Let's say your company makes a massive technical advance, one that both improves the quality of the product you sell and has the potential to solve one of the world's most intractable problems. You'd be ready to spend millions to promote it, right? Well, not if you're in the genetically modified (GM) food business. Then you spend $4.5 million on a campaign to keep your new technology secret.
Faced with a ballot initiative that calls on food companies to label products that contain genetically modified ingredients, the Coalition Against the Costly Labeling Law is trying to sell Oregonians on the idea that such labeling would cost millions in "government bureaucracy and red tape."
The campaign's premise is a lie, of course. The industry isn't concerned about red tape - or if it is, it's a secondary issue. What truly worries the industry - the reason it has resisted labeling since GM foods were introduced a decade ago - is that consumers will select unmodified foods if given a choice. So the campaign is about denying them that choice, but calling the group the Coalition Against Informed Consumers probably sounded like a bad idea.
Faced with labeling demands, the GM food industry falls back on the fact that the FDA considers labels unnecessary. After I discussed this subject in a recent column, a Monsanto rep pointed out (correctly) that the company does label its products, which it sells to farmers rather than consumers, but the FDA "has determined that the biotech crops currently grown and subsequent ingredients don't need to be labeled because biotech food is no different than conventional food."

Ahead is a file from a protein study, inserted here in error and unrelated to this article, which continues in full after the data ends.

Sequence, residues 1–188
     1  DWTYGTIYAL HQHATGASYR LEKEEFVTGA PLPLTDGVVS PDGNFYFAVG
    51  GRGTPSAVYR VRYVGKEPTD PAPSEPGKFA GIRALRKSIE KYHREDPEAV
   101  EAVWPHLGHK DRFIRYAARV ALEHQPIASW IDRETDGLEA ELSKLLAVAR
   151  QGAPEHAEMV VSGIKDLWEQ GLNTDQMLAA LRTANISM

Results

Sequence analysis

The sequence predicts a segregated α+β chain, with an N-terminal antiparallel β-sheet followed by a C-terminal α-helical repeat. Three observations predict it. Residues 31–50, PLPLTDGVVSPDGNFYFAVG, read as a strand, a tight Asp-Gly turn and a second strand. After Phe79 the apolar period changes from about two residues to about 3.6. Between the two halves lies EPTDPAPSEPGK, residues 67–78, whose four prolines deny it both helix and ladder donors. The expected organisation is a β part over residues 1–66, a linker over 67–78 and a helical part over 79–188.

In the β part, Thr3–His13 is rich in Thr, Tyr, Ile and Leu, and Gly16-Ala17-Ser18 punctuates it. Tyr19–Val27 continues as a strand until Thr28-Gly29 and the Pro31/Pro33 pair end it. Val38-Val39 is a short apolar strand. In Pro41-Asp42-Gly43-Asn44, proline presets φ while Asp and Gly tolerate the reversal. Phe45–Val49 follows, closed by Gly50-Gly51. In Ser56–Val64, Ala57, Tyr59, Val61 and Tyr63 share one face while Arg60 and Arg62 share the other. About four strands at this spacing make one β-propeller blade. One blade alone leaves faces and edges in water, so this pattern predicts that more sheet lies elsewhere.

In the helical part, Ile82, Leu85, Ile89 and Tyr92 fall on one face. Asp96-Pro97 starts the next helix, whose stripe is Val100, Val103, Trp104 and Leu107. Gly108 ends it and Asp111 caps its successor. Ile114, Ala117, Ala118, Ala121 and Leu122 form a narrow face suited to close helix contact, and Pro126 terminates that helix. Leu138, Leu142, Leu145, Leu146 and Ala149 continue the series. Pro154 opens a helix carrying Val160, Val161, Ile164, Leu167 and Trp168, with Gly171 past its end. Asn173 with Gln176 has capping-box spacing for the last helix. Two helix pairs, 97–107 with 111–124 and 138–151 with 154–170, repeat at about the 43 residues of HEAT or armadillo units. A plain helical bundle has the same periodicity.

But, the FDA's position notwithstanding, there is clearly a segment of the public that wants to know how its food is made, and it is hard to see any moral basis on which companies would deny that right. Apparently, the increased corporate transparency we've heard about doesn't encompass this kind of information. Instead, the industry is essentially saying, "Trust us, you don't need to know."
But at the same time, it is also saying, "We don't trust you. We think you're so stupid that you won't be able to use the labeling information intelligently. You're not smart enough to understand the science or to process our arguments. Instead, you will be influenced by hysterical Luddites who want to ban our product, and you won't buy it."
But 21st-century PR isn't about controlling the flow of information or deciding what information the public has a right to. It's about putting information in context. If the GM food industry doesn't believe its PR people are smart enough to explain its products' benefits, it should either hire new PR people or get a new product.
Fighting against an informed public only creates the impression that it has a sinister secret to hide.
? Paul Holmes has spent the past 15 years writing about the PR business for publications including PRWeek, Inside PR, and Reputation Management. He is currently president of The Holmes Group and editor of www.holmesreport.com.